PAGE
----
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Fenced pasture: A possible risk factor for human alveolar echinococcosis in Tibetan pastoralist communities of Sichuan, China

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Alveolar echinococcosis, infection caused by the parasitic helminth Echinococcus multilocularis, is a zoonosis strongly linked to climatic and ecological factors. Cross-sectional survey data were used to test a hypothesis that partial fencing of pastures could promote alveolar echinococcosis transmission in semi-nomadic pastoral communities of the Tibetan plateau, PR China. Using multiple stepwise logistic regression with consideration of factors of age and gender, it was shown that partial fencing around the settlements in winter pasture was significantly and independently associated with the risk of human alveolar echinococcosis in the surveyed villages (P = 0.021). The underlying reason may lie in overgrazing, an assumed cause of population outbreaks of small mammal intermediate hosts of the parasite on the Tibetan plateau. Overgrazing may have been exacerbated by the reduction of communal pastures nearby the settlements due to introduction of partial fencing around group tenure pastures acquired by Tibetan pastoralist families.
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... AE forms discrete patches of endemicity within which transmission hot spots of much higher prevalence occur. Promotion of permanent pastures, deforestation, or privatization of the land favors E. multilocularis infection in small mammals and foxes Wang et al. 2004;Pleydell et al. 2004). Involvement of dogs in the life cycle of E. multilocularis, as it occurs in rural western China, and fox urbanization are responsible for higher prevalence of human AE (Torgerson et al. 2011;Vuitton 2003;WHO/OIE and Echinococcosis 2001;Robardet et al. 2011;Deplazes et al. 2004;Romig et al. 2017). ...
Chapter
Cystic echinococcosis (CE) and alveolar echinococcosis (AE) are zoonoses of great medical and veterinary importance, caused by Echinococcus granulosus species complex and E. multilocularis, respectively. The life cycle of these parasites develops between the dog and other canids, which harbor the adult tapeworm in the intestine, and mammal intermediate hosts (including humans as dead-end occasional hosts) where the larval form, the metacestode, develops in different organs.The impact of CE and AE on human health is important, with an estimated 1.2 million people affected and 3.6 million DALYs lost globally for CE and 666,434 DALYs for AE.We describe epidemiology, host’s immune response to parasite, clinical manifestations, diagnosis, and treatment of both CE and AE.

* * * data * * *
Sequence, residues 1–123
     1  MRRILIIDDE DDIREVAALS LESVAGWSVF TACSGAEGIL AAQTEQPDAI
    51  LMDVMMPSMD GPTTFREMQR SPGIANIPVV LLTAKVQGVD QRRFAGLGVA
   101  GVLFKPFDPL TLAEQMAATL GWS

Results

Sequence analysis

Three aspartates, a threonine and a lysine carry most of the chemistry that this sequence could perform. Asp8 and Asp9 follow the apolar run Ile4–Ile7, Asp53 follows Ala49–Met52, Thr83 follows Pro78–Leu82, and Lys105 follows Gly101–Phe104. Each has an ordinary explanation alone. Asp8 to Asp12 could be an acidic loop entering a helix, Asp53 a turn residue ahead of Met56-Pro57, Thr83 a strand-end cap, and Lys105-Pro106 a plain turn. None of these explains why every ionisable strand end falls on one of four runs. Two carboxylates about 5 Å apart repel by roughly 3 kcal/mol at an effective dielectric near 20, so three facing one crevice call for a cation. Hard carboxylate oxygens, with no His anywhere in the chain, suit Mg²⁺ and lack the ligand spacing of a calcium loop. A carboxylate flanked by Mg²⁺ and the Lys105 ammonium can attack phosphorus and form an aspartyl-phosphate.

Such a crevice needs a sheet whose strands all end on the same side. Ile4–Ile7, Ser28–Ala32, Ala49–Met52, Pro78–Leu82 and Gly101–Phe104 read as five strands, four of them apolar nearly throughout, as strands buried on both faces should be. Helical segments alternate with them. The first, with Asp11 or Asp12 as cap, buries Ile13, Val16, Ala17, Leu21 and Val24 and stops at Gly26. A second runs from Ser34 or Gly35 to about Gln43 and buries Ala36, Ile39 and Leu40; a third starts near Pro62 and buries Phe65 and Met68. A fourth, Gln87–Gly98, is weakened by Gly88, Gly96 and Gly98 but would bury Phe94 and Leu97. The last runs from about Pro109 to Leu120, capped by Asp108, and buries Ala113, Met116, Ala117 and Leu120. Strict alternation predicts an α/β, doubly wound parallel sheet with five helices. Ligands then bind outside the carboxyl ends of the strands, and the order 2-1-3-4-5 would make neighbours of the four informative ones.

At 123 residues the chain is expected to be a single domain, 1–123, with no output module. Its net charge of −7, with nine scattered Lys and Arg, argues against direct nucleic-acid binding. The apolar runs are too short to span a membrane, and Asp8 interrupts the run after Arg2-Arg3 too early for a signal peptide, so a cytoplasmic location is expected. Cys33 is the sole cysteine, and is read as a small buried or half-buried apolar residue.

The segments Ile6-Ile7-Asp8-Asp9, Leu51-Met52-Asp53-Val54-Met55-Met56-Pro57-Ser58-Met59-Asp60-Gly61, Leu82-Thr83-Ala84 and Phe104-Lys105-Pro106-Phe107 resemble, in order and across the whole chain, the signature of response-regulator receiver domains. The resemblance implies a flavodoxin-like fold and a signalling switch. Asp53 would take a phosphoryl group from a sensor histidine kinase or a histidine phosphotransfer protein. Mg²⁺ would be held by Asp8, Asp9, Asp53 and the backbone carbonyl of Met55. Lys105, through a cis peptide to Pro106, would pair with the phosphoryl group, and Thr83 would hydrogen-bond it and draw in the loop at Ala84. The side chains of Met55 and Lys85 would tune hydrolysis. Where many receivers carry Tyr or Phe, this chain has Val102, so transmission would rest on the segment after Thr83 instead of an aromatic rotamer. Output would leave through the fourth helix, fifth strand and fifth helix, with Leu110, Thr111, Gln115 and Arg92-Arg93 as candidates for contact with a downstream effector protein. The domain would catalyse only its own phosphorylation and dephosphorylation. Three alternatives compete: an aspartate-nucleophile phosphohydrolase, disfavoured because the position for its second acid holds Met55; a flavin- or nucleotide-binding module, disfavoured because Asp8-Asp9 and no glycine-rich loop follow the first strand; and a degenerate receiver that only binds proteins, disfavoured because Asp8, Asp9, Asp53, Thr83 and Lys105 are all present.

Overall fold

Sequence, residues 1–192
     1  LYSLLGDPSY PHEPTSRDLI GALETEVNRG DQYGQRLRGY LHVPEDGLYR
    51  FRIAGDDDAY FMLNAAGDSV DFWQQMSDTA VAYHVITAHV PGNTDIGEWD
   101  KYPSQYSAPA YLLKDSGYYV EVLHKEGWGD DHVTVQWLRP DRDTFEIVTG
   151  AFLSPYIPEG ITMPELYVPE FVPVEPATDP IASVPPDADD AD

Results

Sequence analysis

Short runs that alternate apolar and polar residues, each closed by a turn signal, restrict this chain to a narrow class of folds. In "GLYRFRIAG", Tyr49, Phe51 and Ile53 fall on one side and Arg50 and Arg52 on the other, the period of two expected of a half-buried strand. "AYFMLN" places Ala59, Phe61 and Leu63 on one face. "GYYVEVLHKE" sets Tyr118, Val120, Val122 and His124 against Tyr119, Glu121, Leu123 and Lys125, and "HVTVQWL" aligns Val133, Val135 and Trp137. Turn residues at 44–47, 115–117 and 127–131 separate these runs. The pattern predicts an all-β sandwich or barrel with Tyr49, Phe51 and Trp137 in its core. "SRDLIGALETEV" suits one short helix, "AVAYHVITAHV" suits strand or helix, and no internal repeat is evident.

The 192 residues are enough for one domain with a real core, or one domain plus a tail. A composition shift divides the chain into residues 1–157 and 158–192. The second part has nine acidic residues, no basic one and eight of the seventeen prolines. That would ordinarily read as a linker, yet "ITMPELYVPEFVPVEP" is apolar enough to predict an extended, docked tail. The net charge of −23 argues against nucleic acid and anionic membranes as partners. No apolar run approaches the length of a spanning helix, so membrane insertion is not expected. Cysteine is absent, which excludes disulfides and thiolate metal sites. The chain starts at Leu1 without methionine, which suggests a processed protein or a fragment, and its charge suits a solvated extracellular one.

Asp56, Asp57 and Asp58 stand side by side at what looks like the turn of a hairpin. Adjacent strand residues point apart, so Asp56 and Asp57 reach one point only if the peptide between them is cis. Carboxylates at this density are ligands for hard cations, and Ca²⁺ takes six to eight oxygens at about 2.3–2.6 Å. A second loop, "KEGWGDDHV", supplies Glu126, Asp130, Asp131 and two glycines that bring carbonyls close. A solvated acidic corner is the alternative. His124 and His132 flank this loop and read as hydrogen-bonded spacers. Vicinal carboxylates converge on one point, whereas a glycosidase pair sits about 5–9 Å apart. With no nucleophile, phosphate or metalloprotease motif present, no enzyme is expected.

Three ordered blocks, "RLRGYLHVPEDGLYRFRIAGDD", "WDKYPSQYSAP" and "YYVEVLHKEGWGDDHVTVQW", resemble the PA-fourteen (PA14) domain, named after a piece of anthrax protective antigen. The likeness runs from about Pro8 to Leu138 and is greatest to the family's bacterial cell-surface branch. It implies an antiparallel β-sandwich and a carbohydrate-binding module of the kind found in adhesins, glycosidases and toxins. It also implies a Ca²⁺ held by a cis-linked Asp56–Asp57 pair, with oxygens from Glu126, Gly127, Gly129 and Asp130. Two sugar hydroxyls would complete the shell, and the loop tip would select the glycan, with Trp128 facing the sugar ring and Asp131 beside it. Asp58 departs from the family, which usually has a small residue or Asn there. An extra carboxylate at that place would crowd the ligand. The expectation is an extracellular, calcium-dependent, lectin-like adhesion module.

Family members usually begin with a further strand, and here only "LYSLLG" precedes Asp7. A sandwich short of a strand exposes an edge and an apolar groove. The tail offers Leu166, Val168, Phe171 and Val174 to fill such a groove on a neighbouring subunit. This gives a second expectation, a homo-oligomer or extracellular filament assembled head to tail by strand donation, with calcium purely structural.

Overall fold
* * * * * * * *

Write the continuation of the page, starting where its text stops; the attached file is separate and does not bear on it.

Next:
... Fifthly, many types of wild animals with large quantities were reported in the northwest of Sichuan Province, therefore, snow disasters, lack of enough food in spring, and other reasons caused the death of livestock and wild animals. Consequently, this caused the formation of the circulation chain of echinococcosis transmission, thus aggravating the transmission of echinococcosis [46,47]. Sixthly, illiteracy among most residents of Tibetan areas in the northwest of Sichuan Province, with the bad production and living habits including close contact with dogs, feeding sick cattle (sheep) viscera to dogs, not washing hands after eating, and lack of safe drinking water sources, significantly increased the risk of transmission infection [47,48]. ...
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... The historic range and wide distribution of these carnivorous species in Pakistan stretch from the plains in the south to the high mountains further north (Roberts 1997). The correlation between land cover and spatial distribution of AE in humans has been reported in China and France (Giraudoux et al. , 2013aWang et al. 2004Wang et al. , 2006Pleydell et al. 2008). The landscape and favourable environmental conditions have been observed in areas with a higher prevalence of AE cases in humans but the variation among sampling areas (such as villages) remains largely unexplained (Danson et al. 2003(Danson et al. , 2004. ...
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Alveolar echinococcosis (AE) is a zoonosis caused by Echinococcus multilocularis, a heteroxenous parasite belonging to Cestodes. AE is currently considered an important public health issue, but epidemiological and notably molecular data from several endemic countries, including Pakistan, are sparse. Here we report the first detection of Echinococcus multilocularis in wildlife from Pakistan after real-time PCR and sequencing confirmation in the faecal samples of three foxes from northern Kaghan and Siran regions. The apparent occurrence is estimated at 2.9% (95% CI 0.9-12.4). In order to go further in the epidemiological investigations on E. multilocularis and due to the potential presence of other Echinococcus species, we suggest the need for further epidemiological surveys targeting E. multilocularis and E. granulosus sensu lato isolates from humans and intermediate hosts as well as definitive hosts from wildlife in Pakistan.
Chapter